Property success after a string of setbacks


Maree Prowse embarked on her property investment journey just over 10 years ago. During this time she has faced challenges, but has acquired a portfolio worth $2m, a passion for renovation and a fiancé

Much like other journeys, be they a globetrotting odyssey or a process of self-development, the average property investment journey is full of peaks, troughs and surprises. With some spectacular highs, some daunting lows, and a particularly romantic surprise thrown in for good measure, Maree Prowse’s journey is the perfect illustration of this. After a little over 10 years of property investing, Maree has nine properties, including a block of land she is in the process of developing. Her portfolio is now worth just under $2m, but once her current development project is completed, it will be worth around $2.5m. Along the way, she has had to contend with the destruction of a property courtesy of the 2008 floods in Queensland. But, on a happier note, she was also introduced to her fiancé, Wayne, by one of her early mortgage brokers.

It may not have been entirely professional behaviour on the part of the broker, but she is very glad of those matchmaking efforts, she says. “It is our 10th anniversary this year, and we are a great team.” Romance and property go hand in hand for the couple. While they maintain separate property portfolios, they enjoy working on their various properties together. Maree, who works full-time in education, also keeps an eye on offshore worker Wayne’s portfolio and development projects when he is away for work.

Early insights
This degree of life-work property entanglement means she has learnt much about both the value and challenges of property over the course of her journey. However, her interest in and awareness of the benefits of property investment started at a young age. Her grandparents owned a large farm, which spanned over half of what is now a current suburb of the Redlands in Queensland, Maree explains. As they got older, they slowly subdivided this property and sold it when land became more profitable than farming. In comparison, her father worked six days a week, for his entire life, to provide for his family, and still struggled to have enough to fund a
proper retirement.

“This meant that early in life I made a conscious decision to make changes to my financial situation to ensure less stressful future for me. Property is something I understand more than other forms of investing. So I found myself in it and I kept educating myself until a hobby grew into a decent portfolio and business.” Although Maree bought her first home in Queensland when she was just 23, she didn’t start seriously investing until seven years later, when she moved to Sydney. Her first investment property was funded with a deposit of $11,000. She acquired this by investing her savings of $5,000 in the share market. In a short time, her shares doubled in value and provided her with the deposit she needed.

The first property she bought was a  unit in Mackay, Queensland, in 2004. Her mother had found the unit, which was already tenanted and in Maree’s price range; it didn’t need renovations and was also in an area she knew. “So I bought the unit for $98,000 and rented it out for $250 per week,” she says. “But my mother’s word was the extent of my research. Now, it is very different: months of research – using everything from RP Data to ABS statistics, property magazines to property network groups, to knowledge from locals – go into a purchase.”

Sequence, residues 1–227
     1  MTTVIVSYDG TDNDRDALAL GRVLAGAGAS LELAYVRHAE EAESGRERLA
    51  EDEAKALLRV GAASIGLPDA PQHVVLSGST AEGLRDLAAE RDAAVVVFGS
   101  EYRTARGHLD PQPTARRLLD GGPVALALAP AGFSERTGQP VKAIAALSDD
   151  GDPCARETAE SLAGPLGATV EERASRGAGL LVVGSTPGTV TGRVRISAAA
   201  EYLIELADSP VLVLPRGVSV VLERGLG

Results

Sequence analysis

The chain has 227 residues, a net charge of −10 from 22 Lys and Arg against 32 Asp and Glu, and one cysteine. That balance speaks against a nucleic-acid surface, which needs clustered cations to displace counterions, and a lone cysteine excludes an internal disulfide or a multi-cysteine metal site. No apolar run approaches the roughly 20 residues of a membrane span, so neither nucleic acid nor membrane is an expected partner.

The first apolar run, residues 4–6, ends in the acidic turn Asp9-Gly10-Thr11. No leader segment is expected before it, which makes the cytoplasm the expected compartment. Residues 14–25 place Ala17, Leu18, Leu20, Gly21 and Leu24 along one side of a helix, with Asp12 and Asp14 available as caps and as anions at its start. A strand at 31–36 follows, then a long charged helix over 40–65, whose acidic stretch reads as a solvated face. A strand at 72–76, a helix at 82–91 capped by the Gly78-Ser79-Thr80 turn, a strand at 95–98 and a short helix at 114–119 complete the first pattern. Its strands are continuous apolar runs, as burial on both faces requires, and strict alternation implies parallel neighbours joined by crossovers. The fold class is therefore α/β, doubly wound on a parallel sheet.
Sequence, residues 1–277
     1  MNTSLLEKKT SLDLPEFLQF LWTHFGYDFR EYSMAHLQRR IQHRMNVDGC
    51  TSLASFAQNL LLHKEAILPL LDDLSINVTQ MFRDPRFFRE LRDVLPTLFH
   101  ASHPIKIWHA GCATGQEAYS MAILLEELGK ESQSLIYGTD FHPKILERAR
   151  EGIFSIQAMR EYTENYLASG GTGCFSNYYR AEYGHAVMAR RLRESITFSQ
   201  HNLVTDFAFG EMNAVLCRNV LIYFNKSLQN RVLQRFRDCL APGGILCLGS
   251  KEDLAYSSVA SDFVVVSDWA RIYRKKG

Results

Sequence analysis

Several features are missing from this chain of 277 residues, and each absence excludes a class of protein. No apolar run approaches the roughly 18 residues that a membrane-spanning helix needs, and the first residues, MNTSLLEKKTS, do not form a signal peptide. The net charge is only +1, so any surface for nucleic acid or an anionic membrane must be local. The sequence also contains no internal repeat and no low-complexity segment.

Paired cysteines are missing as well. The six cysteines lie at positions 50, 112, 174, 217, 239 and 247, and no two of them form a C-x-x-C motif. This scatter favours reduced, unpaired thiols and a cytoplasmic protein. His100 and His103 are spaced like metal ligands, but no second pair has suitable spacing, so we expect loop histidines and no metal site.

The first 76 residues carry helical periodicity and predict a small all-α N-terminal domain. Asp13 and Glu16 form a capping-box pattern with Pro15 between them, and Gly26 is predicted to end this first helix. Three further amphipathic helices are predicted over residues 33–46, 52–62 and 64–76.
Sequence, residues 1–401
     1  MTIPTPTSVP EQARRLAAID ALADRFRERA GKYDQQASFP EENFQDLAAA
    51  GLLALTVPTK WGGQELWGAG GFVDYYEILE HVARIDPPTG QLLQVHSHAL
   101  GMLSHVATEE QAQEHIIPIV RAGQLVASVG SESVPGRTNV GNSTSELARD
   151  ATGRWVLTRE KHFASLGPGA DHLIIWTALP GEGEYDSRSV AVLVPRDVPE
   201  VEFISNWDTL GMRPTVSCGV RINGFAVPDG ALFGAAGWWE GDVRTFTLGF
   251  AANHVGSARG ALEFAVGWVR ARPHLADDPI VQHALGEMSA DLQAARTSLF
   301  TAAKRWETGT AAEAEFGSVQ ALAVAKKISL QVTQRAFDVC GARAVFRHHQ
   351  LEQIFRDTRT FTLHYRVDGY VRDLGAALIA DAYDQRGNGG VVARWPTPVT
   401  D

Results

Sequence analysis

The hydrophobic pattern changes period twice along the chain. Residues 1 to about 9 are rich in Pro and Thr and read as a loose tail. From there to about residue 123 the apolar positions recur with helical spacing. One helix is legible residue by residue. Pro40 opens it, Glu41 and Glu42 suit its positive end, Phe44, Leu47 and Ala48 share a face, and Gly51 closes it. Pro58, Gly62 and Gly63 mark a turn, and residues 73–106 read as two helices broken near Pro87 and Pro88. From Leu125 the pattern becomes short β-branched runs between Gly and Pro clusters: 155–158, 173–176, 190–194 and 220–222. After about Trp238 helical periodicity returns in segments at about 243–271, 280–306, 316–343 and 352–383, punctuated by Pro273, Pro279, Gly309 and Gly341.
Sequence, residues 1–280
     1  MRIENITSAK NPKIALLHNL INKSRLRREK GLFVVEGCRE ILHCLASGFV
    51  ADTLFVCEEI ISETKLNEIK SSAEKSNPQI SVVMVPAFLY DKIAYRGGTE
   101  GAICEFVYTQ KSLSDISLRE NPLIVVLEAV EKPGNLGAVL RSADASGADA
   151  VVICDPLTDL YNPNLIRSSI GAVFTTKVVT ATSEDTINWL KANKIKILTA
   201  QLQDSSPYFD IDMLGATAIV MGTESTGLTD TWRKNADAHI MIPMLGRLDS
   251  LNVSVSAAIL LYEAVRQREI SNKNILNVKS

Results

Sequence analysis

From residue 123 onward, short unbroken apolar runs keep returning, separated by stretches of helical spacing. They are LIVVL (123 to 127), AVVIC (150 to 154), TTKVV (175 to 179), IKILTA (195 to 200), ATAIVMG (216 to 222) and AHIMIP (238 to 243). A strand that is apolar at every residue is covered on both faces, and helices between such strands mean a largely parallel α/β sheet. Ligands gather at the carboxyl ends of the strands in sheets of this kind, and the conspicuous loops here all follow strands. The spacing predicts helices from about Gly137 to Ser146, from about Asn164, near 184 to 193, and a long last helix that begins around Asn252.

Expanding the parameters
Over the next few years, Maree purchased three more properties using equity from her properties. These investments included a three-bedroom villa in Whyalla, SA, for $81,000, now valued at $170,000; a three-bedroom house in Blackwater, Queensland, for $195,00, now valued at $350,000; and a one-bedroom unit in Cairns for $115,000, now valued at $120,000.

Her first four properties were all purchased with a straightforward buy-and-hold strategy in mind. However, when the GFC hit and the property market started to flatten out, Maree decided it would be worthwhile investing in properties that had the potential for her to manufacture her own equity growth. This prompted her next investment. In 2008, she bought a duplex in Toowoomba, Queensland, for $275,000. Now as two separate two-bedroom units, it is valued at $140,000. In 2010, she bought a three-bedroom house in Cessnock, NSW, for $210,000. Feeling more ambitious, she dedided to add a granny flat to the property in 2011. This project almost ended in disaster at the hands of an inept project manager and a builder who went bankrupt.

Fortunately, Maree somehow managed to see the project through to the end - on budget and ahead of her time schedule. The propery now has a two-bedroom granny flat on it. Not only is it currently valued at $400,000, but it brings in $550 rent per week. Her most recent investment in 2013 was a half-renovated house on two titles, which was purchaed for $320,000. "The owners were trying to bring the bathroom inside the house and either gave up or ran out of money, so they were selling a house with a hole in the middle of it," she says. "I finished the renovation, fenced off the house block and sold that for $320,000 to cash up, but kept the vacant land to build a duplex with two three-bedroom, two-bathroom units and a double garage.

“The land is currently valued at $140,000 and only has a small loan attached to it. I intend to keep the duplex when it is completed. The total project should give approximately 20% ROI when all completed, and the duplex has an expected 7% rental yield".

Strategic thinking